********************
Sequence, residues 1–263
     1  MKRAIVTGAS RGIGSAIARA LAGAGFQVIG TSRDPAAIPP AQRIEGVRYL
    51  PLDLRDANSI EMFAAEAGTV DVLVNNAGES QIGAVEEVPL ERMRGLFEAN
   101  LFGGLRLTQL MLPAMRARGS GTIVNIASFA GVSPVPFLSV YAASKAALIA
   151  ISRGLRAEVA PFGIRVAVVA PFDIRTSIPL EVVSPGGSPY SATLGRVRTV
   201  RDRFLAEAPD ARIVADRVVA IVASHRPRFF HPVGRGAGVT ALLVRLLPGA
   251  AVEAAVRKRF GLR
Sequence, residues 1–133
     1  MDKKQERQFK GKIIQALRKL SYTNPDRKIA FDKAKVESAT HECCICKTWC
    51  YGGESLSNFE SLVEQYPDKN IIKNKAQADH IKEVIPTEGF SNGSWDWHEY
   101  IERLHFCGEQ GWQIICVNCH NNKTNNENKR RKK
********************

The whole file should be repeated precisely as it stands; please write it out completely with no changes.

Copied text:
Sequence, residues 1–263
     1  MKRAIVTGAS RGIGSAIARA LAGAGFQVIG TSRDPAAIPP AQRIEGVRYL
    51  PLDLRDANSI EMFAAEAGTV DVLVNNAGES QIGAVEEVPL ERMRGLFEAN
   101  LFGGLRLTQL MLPAMRARGS GTIVNIASFA GVSPVPFLSV YAASKAALIA
   151  ISRGLRAEVA PFGIRVAVVA PFDIRTSIPL EVVSPGGSPY SATLGRVRTV
   201  RDRFLAEAPD ARIVADRVVA IVASHRPRFF HPVGRGAGVT ALLVRLLPGA
   251  AVEAAVRKRF GLR
Sequence, residues 1–133
     1  MDKKQERQFK GKIIQALRKL SYTNPDRKIA FDKAKVESAT HECCICKTWC
    51  YGGESLSNFE SLVEQYPDKN IIKNKAQADH IKEVIPTEGF SNGSWDWHEY
   101  IERLHFCGEQ GWQIICVNCH NNKTNNENKR RKK